12. Jul 2, 2015 #11
    Finite-length wires are a pain in magnetics. Think about the integration involved (especially if you have to deal with asymmetries). Blah! The fields produced by infinitely-long current-carrying conductors behave very nicely mathematically.

    Remember, you can look at this from the inertial frame of the magnetic field or from the inertial frame of the square loop.

    I would also advise considering each segment of the square loop separately.

    The resulting expression for the emf should make sense. Think about these quantities: ##\mu##, ##I##, ##a##, ##v##, and ##x##. Intuitively, how would increasing or decreasing these quantities affect your emf?
     
  13. Jul 2, 2015 #12

    rude man

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    If a problem says "a long wire" you should assume they mean "infinitely long".
     
  14. Jul 2, 2015 #13

    rude man

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    Yes. It's called the Biot-Savart law.
    For example, you could have a closed square loop carrying current. In theory you can use B-Savart to compute the mag field anywhere. In practice the math in this case becomes prohibitively difficult except for calculating B at the center of the square.
     
  15. Jul 2, 2015 #14
    I do not agree that you want to calculate B at the center of the square. There is no conductor there, and we are trying to find the emf in the circuit.

    This problem is a great problem for studying the so-called motional electric field intensity.

    Also, if you have never studied the special theory of relativity, once you master the concepts of this problem, then it would be a great time to read Einstein's paper - at least the first page of it.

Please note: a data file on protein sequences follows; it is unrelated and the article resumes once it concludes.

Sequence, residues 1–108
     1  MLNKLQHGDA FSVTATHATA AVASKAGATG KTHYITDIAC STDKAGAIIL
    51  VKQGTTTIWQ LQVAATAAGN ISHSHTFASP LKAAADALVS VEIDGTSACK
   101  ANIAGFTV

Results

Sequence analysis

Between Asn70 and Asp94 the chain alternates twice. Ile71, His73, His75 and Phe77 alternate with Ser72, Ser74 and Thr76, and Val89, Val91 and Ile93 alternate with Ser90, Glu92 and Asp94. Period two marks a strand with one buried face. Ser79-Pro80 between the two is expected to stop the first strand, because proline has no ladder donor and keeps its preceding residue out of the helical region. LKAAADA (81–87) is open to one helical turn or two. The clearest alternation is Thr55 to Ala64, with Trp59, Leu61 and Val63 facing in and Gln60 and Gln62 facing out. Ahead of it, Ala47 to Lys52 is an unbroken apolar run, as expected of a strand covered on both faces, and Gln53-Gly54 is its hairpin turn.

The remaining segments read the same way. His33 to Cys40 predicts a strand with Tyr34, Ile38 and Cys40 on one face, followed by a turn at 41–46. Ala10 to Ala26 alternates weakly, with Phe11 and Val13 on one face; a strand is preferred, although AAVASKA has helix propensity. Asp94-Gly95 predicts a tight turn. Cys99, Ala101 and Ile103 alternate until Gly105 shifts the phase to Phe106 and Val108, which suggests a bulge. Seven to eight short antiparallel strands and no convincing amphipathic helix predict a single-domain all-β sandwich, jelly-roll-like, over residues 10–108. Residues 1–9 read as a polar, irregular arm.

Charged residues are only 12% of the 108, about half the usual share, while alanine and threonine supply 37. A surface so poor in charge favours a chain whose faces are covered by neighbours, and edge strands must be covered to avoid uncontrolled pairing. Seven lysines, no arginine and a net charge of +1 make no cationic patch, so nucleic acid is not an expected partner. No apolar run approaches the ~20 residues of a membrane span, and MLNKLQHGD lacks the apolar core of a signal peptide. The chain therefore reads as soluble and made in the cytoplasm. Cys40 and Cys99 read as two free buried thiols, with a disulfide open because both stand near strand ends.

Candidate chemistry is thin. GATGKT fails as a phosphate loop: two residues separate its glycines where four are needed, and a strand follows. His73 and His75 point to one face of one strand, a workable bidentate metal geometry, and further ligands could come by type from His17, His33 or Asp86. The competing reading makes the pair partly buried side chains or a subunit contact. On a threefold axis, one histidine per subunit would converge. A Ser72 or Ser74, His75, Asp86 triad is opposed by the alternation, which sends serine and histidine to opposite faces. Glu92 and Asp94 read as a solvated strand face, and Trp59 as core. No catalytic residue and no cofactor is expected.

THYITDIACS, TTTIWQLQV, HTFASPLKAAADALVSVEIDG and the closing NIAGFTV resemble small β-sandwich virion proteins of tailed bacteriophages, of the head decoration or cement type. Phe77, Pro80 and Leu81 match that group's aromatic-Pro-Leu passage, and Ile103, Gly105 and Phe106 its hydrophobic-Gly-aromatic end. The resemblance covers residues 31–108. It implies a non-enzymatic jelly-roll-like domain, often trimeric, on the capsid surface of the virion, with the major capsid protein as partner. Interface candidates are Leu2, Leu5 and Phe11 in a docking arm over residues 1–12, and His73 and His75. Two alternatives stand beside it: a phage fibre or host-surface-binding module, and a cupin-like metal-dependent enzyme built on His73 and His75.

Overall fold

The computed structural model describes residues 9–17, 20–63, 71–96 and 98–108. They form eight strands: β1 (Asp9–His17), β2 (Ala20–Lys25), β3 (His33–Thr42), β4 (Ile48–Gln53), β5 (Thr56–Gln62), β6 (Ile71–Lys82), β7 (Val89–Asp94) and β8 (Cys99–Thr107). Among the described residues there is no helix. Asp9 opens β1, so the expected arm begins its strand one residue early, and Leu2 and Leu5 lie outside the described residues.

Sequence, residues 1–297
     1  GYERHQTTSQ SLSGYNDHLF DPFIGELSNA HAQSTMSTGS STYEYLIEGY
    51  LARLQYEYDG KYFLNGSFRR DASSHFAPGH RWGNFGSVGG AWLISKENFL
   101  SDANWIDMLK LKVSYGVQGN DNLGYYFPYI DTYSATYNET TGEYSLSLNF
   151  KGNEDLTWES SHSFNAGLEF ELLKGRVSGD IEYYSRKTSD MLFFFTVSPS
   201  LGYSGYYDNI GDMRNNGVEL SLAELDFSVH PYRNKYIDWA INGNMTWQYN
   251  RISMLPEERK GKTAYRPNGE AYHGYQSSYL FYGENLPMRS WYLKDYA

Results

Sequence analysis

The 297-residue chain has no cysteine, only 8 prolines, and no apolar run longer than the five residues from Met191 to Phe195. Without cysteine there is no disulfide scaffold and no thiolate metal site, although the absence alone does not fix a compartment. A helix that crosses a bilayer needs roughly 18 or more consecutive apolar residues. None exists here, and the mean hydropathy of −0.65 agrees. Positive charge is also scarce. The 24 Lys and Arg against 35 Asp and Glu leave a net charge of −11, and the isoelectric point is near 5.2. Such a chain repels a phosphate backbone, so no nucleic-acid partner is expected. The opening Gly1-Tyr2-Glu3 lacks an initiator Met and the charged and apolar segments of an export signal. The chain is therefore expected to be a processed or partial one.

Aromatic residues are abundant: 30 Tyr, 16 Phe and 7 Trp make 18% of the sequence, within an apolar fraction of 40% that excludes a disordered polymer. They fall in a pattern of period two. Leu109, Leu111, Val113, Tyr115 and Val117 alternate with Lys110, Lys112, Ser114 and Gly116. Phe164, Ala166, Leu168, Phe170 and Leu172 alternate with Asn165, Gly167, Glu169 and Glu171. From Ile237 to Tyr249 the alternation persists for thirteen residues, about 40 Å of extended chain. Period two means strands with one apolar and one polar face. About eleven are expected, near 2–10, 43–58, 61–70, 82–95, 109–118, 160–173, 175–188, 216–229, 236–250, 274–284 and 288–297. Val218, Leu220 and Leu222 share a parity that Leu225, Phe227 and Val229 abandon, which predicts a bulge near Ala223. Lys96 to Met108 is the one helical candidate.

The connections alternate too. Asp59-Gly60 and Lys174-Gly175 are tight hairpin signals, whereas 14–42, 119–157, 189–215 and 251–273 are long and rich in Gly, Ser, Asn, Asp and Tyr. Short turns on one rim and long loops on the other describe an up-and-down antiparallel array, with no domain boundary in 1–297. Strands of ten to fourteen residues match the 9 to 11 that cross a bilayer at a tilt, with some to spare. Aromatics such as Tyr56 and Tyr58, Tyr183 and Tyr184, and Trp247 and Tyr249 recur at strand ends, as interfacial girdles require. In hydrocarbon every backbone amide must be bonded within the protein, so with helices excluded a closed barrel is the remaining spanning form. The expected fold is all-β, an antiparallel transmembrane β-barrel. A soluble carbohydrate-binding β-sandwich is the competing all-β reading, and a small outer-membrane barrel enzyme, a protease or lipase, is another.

16. Jul 2, 2015 #15

    Doc Al

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    First learn to solve the simple problems, then you can add more complexity by considering finite lengths of wire. (As rude man said, that would involve the Biot-Savart law and calculus.)
     
  17. Jul 2, 2015 #16

    Doc Al

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    He was not suggesting that for this problem. He was giving an example of the complications involved with applying Biot-Savart.
     
  18. Jul 2, 2015 #17
    I see.
     
  19. Jul 3, 2015 #18

    andrevdh

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    The magnetic field at a distance R form the wire with a current I in it is
    B = k I/R
    where k is some constant. The magnetic field at the point where the two conductors are
    depends on where they are during the motion, x- a/2 for the one on the left and x+a/2 for
    the one on the right.
     

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  20. Jul 3, 2015 #19

    andrevdh

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    Since I is the same for both B1 and B2 the formula becomes even simpler

    B = k 1/R